Immortals (2011)

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Released:  Friday, November 11, 2011  
Length:  110 minutes
Studio: Relativity Media
Genre: Sci-Fi/Fantasy, Action/Adventure
Rating: Immortals is rated R by the Motion Picture Association of AmericaUnder 17 requires accompanying parent or adult guardian.


Immortals © Relativity Media. All Rights Reserved.
Eons after the Gods won their mythic struggle against the Titans, a new evil threatens the land. Mad with power, King Hyperion (Mickey Rourke) has declared war against humanity. Amassing a bloodthirsty army of soldiers disfigured by his own hand, Hyperion has scorched Greece in search of the legendary Epirus Bow, a weapon of unimaginable power forged in the heavens by Ares.

Only he who possesses this bow can unleash the Titans, who have been imprisoned deep within the walls of Mount Tartaros since the dawn of time and thirst for revenge. In the king’s hands, the bow would rain destruction upon mankind and annihilate the Gods. But ancient law dictates the Gods must not intervene in man’s conflict. They remain powerless to stop Hyperion…until a peasant named Theseus (Henry Cavill) comes forth as their only hope.

Secretly chosen by Zeus, Theseus must save his people from Hyperion and his hordes. Rallying a band of fellow outsiders—including visionary priestess Phaedra (Freida Pinto) and cunning slave Stavros (Stephen Dorff)—one hero will lead the uprising, or watch his homeland fall into ruin and his Gods vanish into legend.

The 3-D epic adventure Immortals is directed by revolutionary visualist Tarsem Singh (The Cell, The Fall) and produced by Gianni Nunnari and Mark Canton, the producers of 300, as well as Ryan Kavanaugh (Dear John, The Dark Fields).

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Immortals images are © Relativity Media. All Rights Reserved.


Immortals Theatrical Review

For the new film Immortals directed by Tarsem Singh, looks are everything. A movie can have a lousy screenplay and uninteresting characters, but as long as the costumes are immaculate and the production design superb, then little else matters. Immortals attempts at having as much machismo as 300 but comes up quite short and has about as much mythology as The Clash of the Titans. After films like The Cell and The Fall, Tarsem clearly enjoys creating films with stunning visual but offering little else. This take on tale of Theseus, King Hyperion, and the battle between the Gods of Olympus and the long exiled Titans is no different.  It has more than enough material for the director to take liberty with but all the stuff in the middle however, is mindless noise.

After witnessing his mother's murder at the hands of King Hyperion (Mickey Rourke), Theseus (Henry Cavill) vows to destroy the cruel monarch. Little does he know that the angry tyrant is planning on finding the legendary Epirus Bow, a weapon that can unleash the legendary Titans from their underground prisons. The purpose of this is to bring about the end of mankind and defeat Gods such as Zeus (Luke Evans) once and for all. Hyperion raids a local monastery to find the virgin oracle Phaedra (Freida Pinto) who knows of the item's location. He eventually captures Theseus as well. With the help of our hero and a thief named Stavros (Stephen Dorff), the seer escapes. She informs Theseus of his destiny and he becomes determined to prevent Hyperion from retrieving the weapon. He also will not rest until the villain is dead.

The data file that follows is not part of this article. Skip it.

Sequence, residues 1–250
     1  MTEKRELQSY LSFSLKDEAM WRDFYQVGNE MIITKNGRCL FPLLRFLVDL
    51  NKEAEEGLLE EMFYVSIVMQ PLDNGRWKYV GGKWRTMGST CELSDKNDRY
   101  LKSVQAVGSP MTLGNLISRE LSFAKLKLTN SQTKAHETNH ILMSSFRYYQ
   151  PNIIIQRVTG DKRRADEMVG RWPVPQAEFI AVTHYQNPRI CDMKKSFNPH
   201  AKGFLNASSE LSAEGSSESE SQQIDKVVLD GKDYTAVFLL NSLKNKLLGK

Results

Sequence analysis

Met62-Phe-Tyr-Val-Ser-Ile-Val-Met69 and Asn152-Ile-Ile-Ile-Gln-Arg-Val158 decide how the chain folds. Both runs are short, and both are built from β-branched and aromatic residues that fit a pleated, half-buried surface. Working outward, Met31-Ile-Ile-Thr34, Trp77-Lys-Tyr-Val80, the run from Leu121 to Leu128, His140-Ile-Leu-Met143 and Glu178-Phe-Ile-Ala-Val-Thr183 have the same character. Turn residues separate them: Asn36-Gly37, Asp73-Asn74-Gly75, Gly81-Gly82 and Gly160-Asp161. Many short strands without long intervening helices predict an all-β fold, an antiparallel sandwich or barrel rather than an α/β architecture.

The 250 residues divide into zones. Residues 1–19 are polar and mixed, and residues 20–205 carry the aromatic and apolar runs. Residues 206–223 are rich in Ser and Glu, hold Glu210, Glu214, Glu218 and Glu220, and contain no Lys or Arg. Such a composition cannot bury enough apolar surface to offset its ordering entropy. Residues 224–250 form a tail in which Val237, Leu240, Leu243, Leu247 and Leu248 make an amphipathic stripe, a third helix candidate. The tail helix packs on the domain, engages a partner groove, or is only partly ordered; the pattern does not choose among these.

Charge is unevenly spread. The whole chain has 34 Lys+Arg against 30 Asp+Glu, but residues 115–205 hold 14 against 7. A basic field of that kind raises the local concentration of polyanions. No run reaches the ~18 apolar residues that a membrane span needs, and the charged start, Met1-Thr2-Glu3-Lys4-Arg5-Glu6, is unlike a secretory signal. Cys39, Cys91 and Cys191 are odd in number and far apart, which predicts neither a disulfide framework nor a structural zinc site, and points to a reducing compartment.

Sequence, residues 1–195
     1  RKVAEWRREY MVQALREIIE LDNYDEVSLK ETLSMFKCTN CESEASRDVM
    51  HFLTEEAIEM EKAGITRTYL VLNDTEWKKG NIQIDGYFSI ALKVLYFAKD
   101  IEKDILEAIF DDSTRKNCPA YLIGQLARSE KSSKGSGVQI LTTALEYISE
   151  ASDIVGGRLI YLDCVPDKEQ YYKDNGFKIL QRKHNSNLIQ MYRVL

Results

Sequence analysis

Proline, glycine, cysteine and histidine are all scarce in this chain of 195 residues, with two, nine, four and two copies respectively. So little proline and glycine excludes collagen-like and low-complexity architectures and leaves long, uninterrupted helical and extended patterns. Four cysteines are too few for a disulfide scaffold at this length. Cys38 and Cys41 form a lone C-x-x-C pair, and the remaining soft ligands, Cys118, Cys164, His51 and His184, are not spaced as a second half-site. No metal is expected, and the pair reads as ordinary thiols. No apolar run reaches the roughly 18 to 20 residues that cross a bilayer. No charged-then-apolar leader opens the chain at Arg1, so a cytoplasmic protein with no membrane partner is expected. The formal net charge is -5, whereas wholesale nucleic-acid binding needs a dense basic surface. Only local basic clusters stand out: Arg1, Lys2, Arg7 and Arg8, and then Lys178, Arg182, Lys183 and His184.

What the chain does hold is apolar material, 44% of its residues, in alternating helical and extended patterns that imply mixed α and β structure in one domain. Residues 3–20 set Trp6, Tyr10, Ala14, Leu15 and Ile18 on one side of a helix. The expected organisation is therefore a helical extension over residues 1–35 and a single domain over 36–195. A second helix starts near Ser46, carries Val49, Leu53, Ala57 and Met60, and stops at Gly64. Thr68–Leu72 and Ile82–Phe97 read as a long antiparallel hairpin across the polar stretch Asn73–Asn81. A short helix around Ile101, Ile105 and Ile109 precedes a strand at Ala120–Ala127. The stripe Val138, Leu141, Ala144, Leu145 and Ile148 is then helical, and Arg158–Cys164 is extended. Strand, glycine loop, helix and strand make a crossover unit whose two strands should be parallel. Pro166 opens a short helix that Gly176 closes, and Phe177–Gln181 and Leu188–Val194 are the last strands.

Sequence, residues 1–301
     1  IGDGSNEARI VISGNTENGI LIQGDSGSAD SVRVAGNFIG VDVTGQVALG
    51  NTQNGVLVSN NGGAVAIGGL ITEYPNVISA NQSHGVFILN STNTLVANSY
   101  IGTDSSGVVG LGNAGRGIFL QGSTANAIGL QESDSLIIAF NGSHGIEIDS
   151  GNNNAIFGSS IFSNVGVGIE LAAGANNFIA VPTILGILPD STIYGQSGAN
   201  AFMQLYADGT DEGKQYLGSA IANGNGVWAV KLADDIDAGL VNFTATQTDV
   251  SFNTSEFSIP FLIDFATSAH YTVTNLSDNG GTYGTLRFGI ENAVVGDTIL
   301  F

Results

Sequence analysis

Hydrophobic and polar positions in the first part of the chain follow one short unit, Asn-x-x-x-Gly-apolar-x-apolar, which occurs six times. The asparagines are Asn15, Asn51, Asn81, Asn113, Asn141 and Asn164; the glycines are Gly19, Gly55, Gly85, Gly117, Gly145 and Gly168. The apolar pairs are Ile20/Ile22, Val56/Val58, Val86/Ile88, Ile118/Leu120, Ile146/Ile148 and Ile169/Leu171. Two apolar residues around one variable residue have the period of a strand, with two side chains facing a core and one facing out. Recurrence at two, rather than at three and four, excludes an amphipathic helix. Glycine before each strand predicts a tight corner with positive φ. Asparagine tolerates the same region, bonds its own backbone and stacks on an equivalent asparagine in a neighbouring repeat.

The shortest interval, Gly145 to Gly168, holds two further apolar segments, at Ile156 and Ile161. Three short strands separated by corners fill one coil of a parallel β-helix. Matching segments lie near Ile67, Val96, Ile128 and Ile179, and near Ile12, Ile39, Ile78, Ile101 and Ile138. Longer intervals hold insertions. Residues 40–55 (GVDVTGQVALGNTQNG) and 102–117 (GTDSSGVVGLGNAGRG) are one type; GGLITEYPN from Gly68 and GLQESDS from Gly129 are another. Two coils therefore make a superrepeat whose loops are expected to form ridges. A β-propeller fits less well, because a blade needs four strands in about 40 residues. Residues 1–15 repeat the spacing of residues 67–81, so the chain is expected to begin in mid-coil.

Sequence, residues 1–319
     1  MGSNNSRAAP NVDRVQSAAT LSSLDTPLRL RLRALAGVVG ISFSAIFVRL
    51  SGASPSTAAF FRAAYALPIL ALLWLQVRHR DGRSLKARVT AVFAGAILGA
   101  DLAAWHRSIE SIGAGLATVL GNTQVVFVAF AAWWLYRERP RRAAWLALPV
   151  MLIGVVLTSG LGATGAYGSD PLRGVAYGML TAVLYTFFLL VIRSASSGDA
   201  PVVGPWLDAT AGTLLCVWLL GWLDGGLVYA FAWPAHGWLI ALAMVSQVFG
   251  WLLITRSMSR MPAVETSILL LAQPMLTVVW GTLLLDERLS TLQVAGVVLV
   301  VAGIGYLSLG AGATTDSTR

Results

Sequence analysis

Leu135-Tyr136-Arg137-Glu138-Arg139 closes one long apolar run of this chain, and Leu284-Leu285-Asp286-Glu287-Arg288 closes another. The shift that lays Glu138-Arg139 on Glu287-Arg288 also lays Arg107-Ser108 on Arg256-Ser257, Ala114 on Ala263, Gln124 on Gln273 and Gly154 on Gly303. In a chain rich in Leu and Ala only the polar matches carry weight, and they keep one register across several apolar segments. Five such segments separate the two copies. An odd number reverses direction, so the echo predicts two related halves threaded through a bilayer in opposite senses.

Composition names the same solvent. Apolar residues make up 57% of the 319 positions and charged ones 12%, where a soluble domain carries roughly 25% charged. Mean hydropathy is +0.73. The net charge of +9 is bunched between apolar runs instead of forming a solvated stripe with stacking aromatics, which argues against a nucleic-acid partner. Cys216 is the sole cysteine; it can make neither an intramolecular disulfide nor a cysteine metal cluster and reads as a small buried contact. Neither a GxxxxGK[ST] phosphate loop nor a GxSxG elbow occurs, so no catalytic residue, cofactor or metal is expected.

If movies can be judged on certain sections, at least part of Immortals is squeal-worthy action. Whenever swords clash, whenever our actors duke it out in incredible slow-motion mayhem, the experience is mesmerizing. Borrowing heavily from the more recent film and TV type of slaughter (lots of CG blood spray and body damage) but also avoiding the light-speed editing that turns fighting into an unwatchable frenzy, Tarsem wows us with his style. From Theseus' failed attempt to save his mother to the last act battle between the Titans and the Gods, the spectacle is beyond belief. It's great. We want more of it and are glad for a last minute hint at the possible heavenly histrionics to come.

But then the actors start speaking and Immortals loses all of its momentum, between a mishmash of bad accents, weird line readings, weak dialogue, and even more mundane emotions it is impossible for any audience member to become fully engrossed. We never once care about Theseus, the beautiful prophetic priestess, or the bloodthirsty nemesis known as Hyperion. Their motives are meaningless, reduced to empty shells in a plot that is simply moving us along to the next hyperactive beat down. While they all look the part, the actors are given nothing to do except be imagery and while it's easy to blame the script, it's actually more of a question of context. Had the director found a way to get us invested in this young man's particular quest, we would follow Immortals anywhere, it just looks that good. Unfortunately, such substance never arrives.

Perhaps a better way to say it is this: Tarsem is fantastic at creating eye-candy, great in fact. Sadly, the kind of texture he's interested in come from bright flashy colors and just wind up rubbing the mainstream movie audience member the wrong way. On the outside, Immortals is something to behold. On the inside, however, everything is dry and dull. 


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